Olympics volunteers sit near two stray dogs outside the Gorki media center in Krasnaya Polyana near Sochi, Russia, Jan. 30, 2014.

Olympics volunteers sit near two stray dogs outside the Gorki media center in Krasnaya Polyana near Sochi, Russia, Jan. 30, 2014.

Reuters

Oleg Deripaska’s gesture could help save hundreds of dogs that are in danger of being rounded up and destroyed as the host city on the Black Sea tries to clear them off the streets.

It could also help keep Deripaska in Putin’s good books after speculation over the dogs’ fate threatened to undermine the Russian president’s hopes of using the Games to portray Russia as a tolerant, modern state.

“You don’t see what’s going on here [in Sochi]?” Sonya Turpyetkina, a veterinarian, said of the treatment of the many dogs that roam free. “I keep seeing poisoned bait. This is repulsive, they are dying in horrible pain.”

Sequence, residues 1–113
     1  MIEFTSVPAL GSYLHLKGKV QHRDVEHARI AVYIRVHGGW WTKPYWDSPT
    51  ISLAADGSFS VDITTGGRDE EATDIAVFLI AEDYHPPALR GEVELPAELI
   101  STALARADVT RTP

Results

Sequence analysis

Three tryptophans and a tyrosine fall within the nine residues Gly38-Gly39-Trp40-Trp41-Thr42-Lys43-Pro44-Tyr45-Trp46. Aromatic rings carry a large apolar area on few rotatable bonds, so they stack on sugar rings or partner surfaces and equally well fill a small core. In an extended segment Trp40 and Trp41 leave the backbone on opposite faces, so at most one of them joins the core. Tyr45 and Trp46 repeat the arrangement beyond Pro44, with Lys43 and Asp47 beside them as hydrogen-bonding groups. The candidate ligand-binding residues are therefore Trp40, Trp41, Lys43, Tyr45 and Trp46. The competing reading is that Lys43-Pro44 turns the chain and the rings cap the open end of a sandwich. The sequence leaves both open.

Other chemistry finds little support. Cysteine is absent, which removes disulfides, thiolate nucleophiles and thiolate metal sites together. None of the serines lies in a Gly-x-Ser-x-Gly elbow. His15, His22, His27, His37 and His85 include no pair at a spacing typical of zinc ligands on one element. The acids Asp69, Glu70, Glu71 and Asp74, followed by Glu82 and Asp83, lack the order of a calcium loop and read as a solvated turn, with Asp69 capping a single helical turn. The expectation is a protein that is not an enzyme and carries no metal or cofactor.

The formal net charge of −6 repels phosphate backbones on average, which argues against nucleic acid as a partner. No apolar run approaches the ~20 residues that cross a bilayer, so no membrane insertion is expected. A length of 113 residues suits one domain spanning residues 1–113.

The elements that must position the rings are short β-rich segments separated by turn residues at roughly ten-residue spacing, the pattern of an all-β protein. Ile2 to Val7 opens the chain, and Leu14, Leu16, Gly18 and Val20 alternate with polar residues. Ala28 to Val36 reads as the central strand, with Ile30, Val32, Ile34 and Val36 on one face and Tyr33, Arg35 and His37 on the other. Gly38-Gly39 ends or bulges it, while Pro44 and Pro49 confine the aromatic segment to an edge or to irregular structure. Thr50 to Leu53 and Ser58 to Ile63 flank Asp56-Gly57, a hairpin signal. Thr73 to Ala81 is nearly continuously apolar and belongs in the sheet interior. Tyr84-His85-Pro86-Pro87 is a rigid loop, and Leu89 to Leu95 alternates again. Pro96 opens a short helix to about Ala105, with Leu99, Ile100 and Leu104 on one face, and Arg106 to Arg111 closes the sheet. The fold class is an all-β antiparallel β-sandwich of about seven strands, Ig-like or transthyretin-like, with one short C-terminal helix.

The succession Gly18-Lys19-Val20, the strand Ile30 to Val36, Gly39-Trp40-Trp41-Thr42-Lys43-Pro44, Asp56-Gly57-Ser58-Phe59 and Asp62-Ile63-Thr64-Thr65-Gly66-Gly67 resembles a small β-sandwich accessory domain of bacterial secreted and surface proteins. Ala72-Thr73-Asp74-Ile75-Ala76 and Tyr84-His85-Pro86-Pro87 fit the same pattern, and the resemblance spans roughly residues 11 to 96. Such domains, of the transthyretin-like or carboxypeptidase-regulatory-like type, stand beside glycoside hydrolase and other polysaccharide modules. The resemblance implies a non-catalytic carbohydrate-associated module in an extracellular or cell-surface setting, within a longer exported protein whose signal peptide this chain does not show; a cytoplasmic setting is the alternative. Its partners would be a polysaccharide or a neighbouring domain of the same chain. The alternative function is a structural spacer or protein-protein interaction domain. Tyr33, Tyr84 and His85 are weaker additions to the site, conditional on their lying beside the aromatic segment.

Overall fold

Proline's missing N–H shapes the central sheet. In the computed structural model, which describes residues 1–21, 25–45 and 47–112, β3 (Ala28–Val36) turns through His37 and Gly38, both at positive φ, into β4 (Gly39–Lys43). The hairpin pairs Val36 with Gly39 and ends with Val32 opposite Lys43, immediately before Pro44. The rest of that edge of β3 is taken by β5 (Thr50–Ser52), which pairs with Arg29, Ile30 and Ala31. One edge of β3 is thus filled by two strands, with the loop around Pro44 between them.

She is a volunteer at the shelter funded by Deripaska at Baranovka near Sochi. As she spoke to Reuters at the shelter, he was visiting the site, showing a group of people around.

The shelter houses only about 40 dogs in basic pens, but city officials say such protection offers the animals a chance of finding a permanent owner and home.

A Sochi city official said no healthy dogs were being killed in the city even though a local company says it has a contract to round them up, and the International Olympic Committee also has said only sick and dying dogs are being destroyed.

But animal rights activists have launched a campaign to save the dogs, which has attracted negative publicity to Sochi and appears to have prompted Deripaska to step in.

He has been quoted as saying he has loved dogs since he was a boy. But his act is far from his first that could be beneficial to the Games, which he says he believes can turn Sochi into a thriving modern resort.

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